Sanctifying Place May 1, 2011Posted by Mark Folse in Jazz Fest, music, New Orleans, NOLA, Toulouse Street.
Tags: Gospel tent
It was Odd to sit on my stoop on Fortin Street, a literal stone’s throw from the Gospel Tent at the New Orleans Jazz and Heritage Festival, and hear the WWOZ announcer inside the festival talking about a gospel group riffing on James Brown. Isn’t it really more a matter of James Brown having riffed on the music of his childhood church? As I sit directly across the street from that stage and spent most of the last two days listening to the mighty choirs and soaring organs over the pounding drums and bass of Black southern gospel, it is an easy insight to understand.
Recall the controversy when Ray Charles took the sound of gospel and turned it into I Got A Woman in 1956, or think whether the entire R&B sound those of us in the Baby Boom grew up with would be the same without Sam Cooke. It was not only Black artists who mined this vein but many of the idols of our own youth. One of my favorite artists, Leon Russell, was a one man revival show in his own rock-and-roll piano recordings of the early 1970s (when he wasn’t producing/arranging Bonnie and Delaney or Joe Cocker’s Mad Dogs and Englishman tour). Anyone who has walked past the gospel tent will recognize the influence in his signature song Delta Lady or the dark gospel cover by the Rolling Stones of I Just Want to See His Face.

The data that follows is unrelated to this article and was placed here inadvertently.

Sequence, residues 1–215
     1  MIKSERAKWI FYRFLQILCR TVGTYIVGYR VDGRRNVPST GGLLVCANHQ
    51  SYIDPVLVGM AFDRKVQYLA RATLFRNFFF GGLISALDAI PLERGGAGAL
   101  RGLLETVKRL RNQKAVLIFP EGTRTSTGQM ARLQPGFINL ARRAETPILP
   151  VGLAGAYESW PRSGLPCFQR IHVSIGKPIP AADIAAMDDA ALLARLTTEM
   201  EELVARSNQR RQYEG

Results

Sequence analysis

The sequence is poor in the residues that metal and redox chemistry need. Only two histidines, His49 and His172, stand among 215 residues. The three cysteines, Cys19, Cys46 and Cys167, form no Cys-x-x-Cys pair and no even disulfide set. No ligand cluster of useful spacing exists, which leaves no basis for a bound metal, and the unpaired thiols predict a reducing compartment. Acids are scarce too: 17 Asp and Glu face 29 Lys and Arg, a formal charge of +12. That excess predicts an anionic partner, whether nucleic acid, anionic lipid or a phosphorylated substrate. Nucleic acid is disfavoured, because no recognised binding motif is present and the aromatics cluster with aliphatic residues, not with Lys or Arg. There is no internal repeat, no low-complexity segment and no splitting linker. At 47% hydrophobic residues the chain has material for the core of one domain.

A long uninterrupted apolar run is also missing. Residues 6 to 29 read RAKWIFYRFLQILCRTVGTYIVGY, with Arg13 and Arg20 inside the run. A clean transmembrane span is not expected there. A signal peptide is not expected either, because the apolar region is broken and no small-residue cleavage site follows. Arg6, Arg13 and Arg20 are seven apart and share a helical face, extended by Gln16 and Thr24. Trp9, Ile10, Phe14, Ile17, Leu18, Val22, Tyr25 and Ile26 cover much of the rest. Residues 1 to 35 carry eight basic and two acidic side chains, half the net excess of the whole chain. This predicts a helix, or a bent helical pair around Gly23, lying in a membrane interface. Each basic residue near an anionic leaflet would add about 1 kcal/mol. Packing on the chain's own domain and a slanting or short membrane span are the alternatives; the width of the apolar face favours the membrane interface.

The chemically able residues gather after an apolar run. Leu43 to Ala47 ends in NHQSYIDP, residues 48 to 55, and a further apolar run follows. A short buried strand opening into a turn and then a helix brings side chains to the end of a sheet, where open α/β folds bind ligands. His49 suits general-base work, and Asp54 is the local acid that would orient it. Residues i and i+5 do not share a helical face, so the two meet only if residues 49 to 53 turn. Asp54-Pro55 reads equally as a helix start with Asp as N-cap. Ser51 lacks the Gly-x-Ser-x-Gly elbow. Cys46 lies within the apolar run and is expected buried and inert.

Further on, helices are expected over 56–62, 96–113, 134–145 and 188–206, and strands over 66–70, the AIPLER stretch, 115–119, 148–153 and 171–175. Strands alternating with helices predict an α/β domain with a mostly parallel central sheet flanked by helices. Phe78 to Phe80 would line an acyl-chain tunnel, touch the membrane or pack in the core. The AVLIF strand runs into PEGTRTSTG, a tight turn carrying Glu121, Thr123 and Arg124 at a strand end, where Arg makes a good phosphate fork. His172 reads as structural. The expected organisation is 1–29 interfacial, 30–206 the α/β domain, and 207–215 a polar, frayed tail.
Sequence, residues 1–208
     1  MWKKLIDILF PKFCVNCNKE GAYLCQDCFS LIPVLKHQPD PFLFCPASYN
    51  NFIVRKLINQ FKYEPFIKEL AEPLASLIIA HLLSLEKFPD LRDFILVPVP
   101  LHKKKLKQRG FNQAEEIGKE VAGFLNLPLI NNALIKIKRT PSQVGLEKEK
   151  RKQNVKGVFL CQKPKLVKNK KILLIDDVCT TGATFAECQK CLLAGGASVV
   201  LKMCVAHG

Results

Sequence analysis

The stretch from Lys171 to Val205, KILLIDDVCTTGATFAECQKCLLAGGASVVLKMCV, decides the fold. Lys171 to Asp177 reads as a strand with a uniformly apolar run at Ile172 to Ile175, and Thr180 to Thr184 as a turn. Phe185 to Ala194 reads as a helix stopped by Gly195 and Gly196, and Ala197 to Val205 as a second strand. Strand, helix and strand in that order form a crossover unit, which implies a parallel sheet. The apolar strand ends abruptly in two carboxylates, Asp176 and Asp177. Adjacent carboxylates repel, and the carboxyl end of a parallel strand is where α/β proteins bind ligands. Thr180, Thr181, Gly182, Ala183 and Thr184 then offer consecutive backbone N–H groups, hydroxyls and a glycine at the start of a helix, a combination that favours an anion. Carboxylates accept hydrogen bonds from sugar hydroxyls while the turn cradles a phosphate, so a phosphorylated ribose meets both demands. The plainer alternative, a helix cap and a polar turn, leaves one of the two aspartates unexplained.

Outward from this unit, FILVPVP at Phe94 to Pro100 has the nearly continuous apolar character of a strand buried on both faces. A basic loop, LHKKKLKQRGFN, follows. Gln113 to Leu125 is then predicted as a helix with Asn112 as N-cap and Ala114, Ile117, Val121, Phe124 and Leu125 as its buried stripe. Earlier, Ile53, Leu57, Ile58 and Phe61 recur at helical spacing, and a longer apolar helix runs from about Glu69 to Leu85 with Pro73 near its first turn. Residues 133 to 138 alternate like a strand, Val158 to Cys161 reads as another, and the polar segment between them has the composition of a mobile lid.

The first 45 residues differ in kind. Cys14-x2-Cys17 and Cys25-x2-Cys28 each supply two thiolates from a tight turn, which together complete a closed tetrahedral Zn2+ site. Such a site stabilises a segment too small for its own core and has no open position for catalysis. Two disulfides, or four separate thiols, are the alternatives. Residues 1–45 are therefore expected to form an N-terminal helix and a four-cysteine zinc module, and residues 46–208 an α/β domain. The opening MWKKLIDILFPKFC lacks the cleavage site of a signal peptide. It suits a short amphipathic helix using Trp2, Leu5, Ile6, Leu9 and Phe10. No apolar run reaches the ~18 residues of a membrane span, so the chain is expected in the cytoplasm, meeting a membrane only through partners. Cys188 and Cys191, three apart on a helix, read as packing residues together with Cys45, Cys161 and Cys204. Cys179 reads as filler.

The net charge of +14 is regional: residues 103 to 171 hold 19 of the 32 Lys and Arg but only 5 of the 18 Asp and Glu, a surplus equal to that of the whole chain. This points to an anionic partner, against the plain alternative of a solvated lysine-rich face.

As Jazz Fest approached and the tents went up, I thought about how wonderful it would be to sit right across from the Jazz Tent where I’ve spent many an afternoon, or even right behind the Blues Tent, both of which back right up to the fence on Fortin, but after the last two days I’m glad I landed where I did. Friday’s how ended with a long and rousing reverse cover of the Isley Brother’s Shout, spoiled in part by the arrival of the water vendors hawking in front of my house but I didn’t care. I just cake walked my irresistibly wiggling hips across the street the better to hear. If you’ve missed the Gospel Tent in the past as I have, don’t make the mistake a habit. Or stop by the VIP Seating Area of the Fortin Street Stage on your way out if you leave early and take in the closing set. In the ending as in the beginning was the choir, and the choir was good.